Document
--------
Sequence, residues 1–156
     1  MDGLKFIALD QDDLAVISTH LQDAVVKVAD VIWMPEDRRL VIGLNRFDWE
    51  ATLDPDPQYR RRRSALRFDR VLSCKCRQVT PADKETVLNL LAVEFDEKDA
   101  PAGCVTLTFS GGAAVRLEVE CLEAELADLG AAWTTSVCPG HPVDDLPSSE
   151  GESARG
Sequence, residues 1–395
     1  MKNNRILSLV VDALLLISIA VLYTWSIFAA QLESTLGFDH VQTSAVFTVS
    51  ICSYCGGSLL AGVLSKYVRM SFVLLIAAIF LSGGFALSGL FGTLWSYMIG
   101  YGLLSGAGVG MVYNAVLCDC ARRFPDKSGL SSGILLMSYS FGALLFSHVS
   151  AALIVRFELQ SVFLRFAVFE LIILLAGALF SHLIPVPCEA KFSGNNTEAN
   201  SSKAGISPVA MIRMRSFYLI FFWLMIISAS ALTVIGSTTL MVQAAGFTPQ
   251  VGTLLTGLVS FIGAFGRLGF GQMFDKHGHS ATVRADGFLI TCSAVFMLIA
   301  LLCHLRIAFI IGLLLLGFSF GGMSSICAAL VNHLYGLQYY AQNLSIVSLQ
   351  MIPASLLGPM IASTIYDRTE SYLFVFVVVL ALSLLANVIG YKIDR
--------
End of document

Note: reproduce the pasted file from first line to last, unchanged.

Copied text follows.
Sequence, residues 1–156
     1  MDGLKFIALD QDDLAVISTH LQDAVVKVAD VIWMPEDRRL VIGLNRFDWE
    51  ATLDPDPQYR RRRSALRFDR VLSCKCRQVT PADKETVLNL LAVEFDEKDA
   101  PAGCVTLTFS GGAAVRLEVE CLEAELADLG AAWTTSVCPG HPVDDLPSSE
   151  GESARG
Sequence, residues 1–395
     1  MKNNRILSLV VDALLLISIA VLYTWSIFAA QLESTLGFDH VQTSAVFTVS
    51  ICSYCGGSLL AGVLSKYVRM SFVLLIAAIF LSGGFALSGL FGTLWSYMIG
   101  YGLLSGAGVG MVYNAVLCDC ARRFPDKSGL SSGILLMSYS FGALLFSHVS
   151  AALIVRFELQ SVFLRFAVFE LIILLAGALF SHLIPVPCEA KFSGNNTEAN
   201  SSKAGISPVA MIRMRSFYLI FFWLMIISAS ALTVIGSTTL MVQAAGFTPQ
   251  VGTLLTGLVS FIGAFGRLGF GQMFDKHGHS ATVRADGFLI TCSAVFMLIA
   301  LLCHLRIAFI IGLLLLGFSF GGMSSICAAL VNHLYGLQYY AQNLSIVSLQ
   351  MIPASLLGPM IASTIYDRTE SYLFVFVVVL ALSLLANVIG YKIDR